Umbilical Hernia

Published: 13th December 2011
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For a time very early in the pregnancy, your baby's intestines were so large they couldn't fit inside his abdomen. Where did they go? They went out for a while—through the opening of the navel. There they stayed until the abdominal cavity grew large enough to accommodate their entire length. When the intestines returned, their portal of exit from the abdomen, called the umbilical ring, was sealed by the merging of the midline abdominal muscles. If these muscles failed to meet, the ring remained open, and the contents of the abdomen were free to protrude. This protrusion is an umbilical hernia, a balloonlike painless swelling of the navel.

Slightly less than one fifth of all white newborns have umbilical hernias, as do slightly more than two fifths of black newborns. We also see them more often in premature and in babies with extra-wide umbilical cords. If the defect is small, say the size of your fingertip, it may only show up when the baby cries or strains, since both increase the pressure inside the abdomen. Since crying is so often followed by the belly button's bulging, some parents conclude that the hernia will disappear if they diligently respond to every whimper and prevent the baby from building up to a howl. Unfortunately, what they get instead is a spoiled baby with a hernia. Large umbilical openings allow the intestines to protrude without effort, and when the baby stands up, a short, trunklike section may emerge through the defect. Often the baby will spend long periods pondering this appendage, wondering what pleasurable purpose it has.

As the baby gets older, the defect gradually closes. Most are closed within two years; 85 percent close by six years of age. Larger openings take more time to close than smaller ones, and a very small number never close. Since most umbilical hernias are harmless and heading for spontaneous closure, there's no need to rush the baby to the operating room. Nor is there any need to put tape across the navel, a binder around the abdomen, or tape or a coin over the hernia. The adhesive of the tape and the metal of the coin can easily irritate the skin. Since it's virtually impossible to securely bind the baby's midsection without compressing the lower rib cage in the back, belly binders can per-manently deform the lower rib cage. All this for a condition that's trying its best to go away! When must you repair umbilical hernias? Certainly when the loop of intestine that pokes out gets stuck and can't get back inside. Getting stuck is called incarceration, and if it injures the bowel, it's called strangulation. These conditions occur in only 2 to 5 percent of children with umbilical hernias, but once they happen, it's time to fix the hernia. There's little controversy on this point, but there are many opinions about when it's best to close the hernia that isn't causing trouble. One approach to the question of when to take action on a trouble-free hernia is to base the decision on the size of the defect.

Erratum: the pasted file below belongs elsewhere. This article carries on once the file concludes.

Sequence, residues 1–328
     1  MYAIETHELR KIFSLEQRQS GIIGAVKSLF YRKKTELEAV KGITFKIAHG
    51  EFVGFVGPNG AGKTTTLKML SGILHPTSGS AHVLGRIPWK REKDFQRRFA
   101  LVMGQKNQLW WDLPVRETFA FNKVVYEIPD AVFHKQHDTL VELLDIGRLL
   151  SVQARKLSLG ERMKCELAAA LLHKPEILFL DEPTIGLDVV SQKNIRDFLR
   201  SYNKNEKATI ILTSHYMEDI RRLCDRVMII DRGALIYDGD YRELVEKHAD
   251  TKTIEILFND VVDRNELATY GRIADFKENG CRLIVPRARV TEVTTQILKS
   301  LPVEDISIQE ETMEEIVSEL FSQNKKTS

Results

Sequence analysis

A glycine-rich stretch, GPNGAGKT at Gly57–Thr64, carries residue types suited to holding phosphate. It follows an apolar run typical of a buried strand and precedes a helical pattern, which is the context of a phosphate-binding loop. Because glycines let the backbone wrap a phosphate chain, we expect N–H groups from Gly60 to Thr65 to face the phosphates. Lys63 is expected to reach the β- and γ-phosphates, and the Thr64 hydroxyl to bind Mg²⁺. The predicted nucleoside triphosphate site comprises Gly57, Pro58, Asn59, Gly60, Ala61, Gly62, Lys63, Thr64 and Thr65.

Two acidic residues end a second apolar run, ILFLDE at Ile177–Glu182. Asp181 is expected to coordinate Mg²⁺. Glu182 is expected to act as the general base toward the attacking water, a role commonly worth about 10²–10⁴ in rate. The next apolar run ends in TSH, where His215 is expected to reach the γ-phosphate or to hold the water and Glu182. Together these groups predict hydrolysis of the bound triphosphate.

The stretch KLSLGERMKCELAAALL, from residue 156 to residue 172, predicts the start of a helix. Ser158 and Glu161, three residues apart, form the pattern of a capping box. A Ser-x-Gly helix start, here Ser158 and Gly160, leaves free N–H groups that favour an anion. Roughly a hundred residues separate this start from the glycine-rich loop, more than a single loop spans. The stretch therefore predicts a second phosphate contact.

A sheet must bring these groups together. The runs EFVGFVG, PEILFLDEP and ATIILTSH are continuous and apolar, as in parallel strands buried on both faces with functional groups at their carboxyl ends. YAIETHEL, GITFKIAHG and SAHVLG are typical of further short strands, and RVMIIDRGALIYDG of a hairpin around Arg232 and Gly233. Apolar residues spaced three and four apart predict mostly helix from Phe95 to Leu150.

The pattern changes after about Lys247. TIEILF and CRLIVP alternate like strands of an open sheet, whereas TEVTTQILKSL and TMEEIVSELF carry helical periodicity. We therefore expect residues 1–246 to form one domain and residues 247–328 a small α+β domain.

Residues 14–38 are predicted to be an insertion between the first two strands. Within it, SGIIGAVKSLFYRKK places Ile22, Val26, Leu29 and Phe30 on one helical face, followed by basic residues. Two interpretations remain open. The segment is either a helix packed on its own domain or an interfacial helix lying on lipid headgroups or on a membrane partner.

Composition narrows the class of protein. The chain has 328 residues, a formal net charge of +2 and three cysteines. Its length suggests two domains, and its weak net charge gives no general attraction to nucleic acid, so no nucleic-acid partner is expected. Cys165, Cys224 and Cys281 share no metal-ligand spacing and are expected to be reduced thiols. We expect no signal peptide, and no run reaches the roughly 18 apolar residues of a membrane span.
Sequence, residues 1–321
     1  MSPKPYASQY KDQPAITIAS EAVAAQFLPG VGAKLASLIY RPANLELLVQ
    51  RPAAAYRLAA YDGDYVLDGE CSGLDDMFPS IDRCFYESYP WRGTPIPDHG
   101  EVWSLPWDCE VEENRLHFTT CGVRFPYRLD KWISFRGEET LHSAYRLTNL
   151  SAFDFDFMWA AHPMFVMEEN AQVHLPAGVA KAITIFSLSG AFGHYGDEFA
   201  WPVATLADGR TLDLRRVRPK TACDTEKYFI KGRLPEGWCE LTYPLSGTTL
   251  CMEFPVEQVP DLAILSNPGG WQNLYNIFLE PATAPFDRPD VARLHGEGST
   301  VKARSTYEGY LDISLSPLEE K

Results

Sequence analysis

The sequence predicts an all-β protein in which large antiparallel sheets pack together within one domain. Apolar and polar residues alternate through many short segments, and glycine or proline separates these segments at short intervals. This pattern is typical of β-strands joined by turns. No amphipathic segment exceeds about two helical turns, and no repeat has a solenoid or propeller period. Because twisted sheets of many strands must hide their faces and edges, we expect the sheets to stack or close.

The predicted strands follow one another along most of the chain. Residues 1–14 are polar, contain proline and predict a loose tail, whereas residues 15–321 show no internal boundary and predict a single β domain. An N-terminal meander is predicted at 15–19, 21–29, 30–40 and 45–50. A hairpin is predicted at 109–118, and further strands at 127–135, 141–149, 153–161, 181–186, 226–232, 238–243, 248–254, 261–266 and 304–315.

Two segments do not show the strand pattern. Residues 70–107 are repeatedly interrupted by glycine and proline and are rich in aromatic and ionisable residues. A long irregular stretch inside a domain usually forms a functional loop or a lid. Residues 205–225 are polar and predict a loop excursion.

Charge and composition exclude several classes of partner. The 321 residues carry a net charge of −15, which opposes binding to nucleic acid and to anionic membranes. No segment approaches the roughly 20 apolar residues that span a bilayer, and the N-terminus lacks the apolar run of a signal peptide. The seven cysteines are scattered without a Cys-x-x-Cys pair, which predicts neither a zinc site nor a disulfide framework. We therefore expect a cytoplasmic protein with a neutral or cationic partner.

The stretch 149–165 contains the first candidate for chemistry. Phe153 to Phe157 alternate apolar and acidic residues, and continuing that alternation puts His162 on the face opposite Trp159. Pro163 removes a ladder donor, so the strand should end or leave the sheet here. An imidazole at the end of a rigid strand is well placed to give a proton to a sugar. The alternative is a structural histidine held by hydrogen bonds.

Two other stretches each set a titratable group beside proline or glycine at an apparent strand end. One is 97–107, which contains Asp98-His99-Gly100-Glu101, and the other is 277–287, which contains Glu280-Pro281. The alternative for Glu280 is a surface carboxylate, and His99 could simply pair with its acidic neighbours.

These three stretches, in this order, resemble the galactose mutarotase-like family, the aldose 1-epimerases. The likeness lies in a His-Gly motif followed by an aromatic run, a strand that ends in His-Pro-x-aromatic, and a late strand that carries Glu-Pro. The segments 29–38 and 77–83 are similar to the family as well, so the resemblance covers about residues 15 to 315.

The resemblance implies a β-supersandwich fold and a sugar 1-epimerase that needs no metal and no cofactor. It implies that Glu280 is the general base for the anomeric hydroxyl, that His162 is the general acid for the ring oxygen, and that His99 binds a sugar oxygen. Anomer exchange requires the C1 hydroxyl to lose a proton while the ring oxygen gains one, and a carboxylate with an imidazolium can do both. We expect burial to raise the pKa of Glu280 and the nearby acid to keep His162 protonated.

This school of thought holds that umbilical hernias greater than 1.5 centimeters in diameter should be closed surgically in girls when they reach two years and boys when they reach four. I don't favor this approach for several reasons. In the first place, umbilical hernias smaller than 1.5 centimeters are as likely to lead to incarceration as larger ones; and second, adults incarcerate their umbilical hernias at a rate 14 times greater than children. Therefore, it seems logical to leave the trouble-free umbilical hernia of any size alone during childhood. It almost invariably disappears on its own


You can also read artciles written by Rashid javed about health such as Homeopathic History and Treatment of Pregnancy and Birth Problems

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